Divorce includes separation of marital debt as well as property

On Behalf of | Mar 4, 2019 | Family Law |

In any divorce, marital property and debt need to be separated. In Kentucky, this is done on an equitable basis, meaning the division might not be 50/50 but based on what is fair and reasonable. You can negotiate for a reasonable settlement or you can let the court decide.

Whether you’re dividing property or debt, the first step is to determine if it belongs to the marital estate or is retained separately by one party. Property and debts accrued during the marriage will generally be considered marital. The growth and interest of separate property or debt during the marriage may also be considered marital.

Items owned and debt accrued before the marriage will generally be considered separate. So will individual gifts, inheritances and the like. Your divorce attorney can help you determine which assets and debts are marital and which are separate. Only marital property and debts need be divided.

Protect yourself and your credit when dividing marital debts

Your divorce decree may order you to pay certain marital debts and your ex to pay others. However, if one of you fails to make a payment, the other’s credit could be affected.

Marital debts to be divided are often joint debts, such as most mortgages, joint credit cards and such. Unfortunately, your divorce decree cannot relieve you of responsibility for joint debts. The only ways to get free of a joint debt are to pay it off or to refinance it so that only one borrower remains — and creditors often resist releasing debtors from their obligations.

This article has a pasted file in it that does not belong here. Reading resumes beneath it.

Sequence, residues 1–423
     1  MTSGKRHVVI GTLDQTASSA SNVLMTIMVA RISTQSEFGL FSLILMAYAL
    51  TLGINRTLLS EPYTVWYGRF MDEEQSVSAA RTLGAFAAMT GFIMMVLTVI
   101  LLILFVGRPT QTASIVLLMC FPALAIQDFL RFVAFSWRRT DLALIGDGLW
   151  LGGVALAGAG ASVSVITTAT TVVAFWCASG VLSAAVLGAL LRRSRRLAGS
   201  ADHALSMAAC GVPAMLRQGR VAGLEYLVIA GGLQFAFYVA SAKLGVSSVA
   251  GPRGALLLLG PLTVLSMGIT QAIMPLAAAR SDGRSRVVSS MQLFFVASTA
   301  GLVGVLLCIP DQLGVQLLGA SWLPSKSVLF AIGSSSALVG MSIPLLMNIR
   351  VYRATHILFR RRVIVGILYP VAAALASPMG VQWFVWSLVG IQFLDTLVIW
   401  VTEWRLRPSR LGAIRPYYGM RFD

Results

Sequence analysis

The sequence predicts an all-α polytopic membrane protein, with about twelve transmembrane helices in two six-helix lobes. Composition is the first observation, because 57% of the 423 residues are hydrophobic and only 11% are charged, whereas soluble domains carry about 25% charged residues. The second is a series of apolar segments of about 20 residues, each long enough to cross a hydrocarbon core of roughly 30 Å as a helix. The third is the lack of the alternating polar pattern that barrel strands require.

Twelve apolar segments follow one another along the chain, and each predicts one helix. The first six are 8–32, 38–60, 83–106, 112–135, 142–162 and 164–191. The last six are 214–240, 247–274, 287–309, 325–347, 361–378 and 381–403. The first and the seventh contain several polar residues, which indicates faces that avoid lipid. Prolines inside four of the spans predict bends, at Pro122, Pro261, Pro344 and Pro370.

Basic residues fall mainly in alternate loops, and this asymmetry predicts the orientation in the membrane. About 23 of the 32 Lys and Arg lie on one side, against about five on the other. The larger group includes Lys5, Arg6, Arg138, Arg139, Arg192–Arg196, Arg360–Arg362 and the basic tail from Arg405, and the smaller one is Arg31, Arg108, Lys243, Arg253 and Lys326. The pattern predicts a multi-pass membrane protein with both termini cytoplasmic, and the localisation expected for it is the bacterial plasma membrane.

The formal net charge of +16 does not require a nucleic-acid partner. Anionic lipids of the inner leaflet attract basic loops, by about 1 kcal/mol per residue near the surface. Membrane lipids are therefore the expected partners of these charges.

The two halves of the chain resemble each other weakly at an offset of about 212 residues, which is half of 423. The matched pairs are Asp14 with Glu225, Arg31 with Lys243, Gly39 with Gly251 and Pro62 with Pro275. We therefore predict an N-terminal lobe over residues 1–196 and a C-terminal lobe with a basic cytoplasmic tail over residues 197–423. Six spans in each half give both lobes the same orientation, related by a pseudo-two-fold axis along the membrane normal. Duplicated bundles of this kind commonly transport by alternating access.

Therefore, it is important to pay off joint debts as soon as possible. In the meantime, you may wish to freeze joint credit accounts and/or remove your ex as an authorized user in order to prevent them from racking up additional debt.

If your mortgage is to be divided, you have a choice to make. You can sell the property and divide the proceeds equitably. Or, one spouse can assume responsibility for the mortgage. However, that leaves the other spouse on the hook for the mortgage unless the first person is able to refinance and remove the second from the loan.

There may be situations where it makes sense to pay off a loan your ex has been assigned responsibility for, if only to save your credit. When doing so, however, make sure you are not taking on more than your fair share of the marital debt.

Work closely with your divorce lawyer to determine what you can afford and how comfortable you are with any remaining joint debts.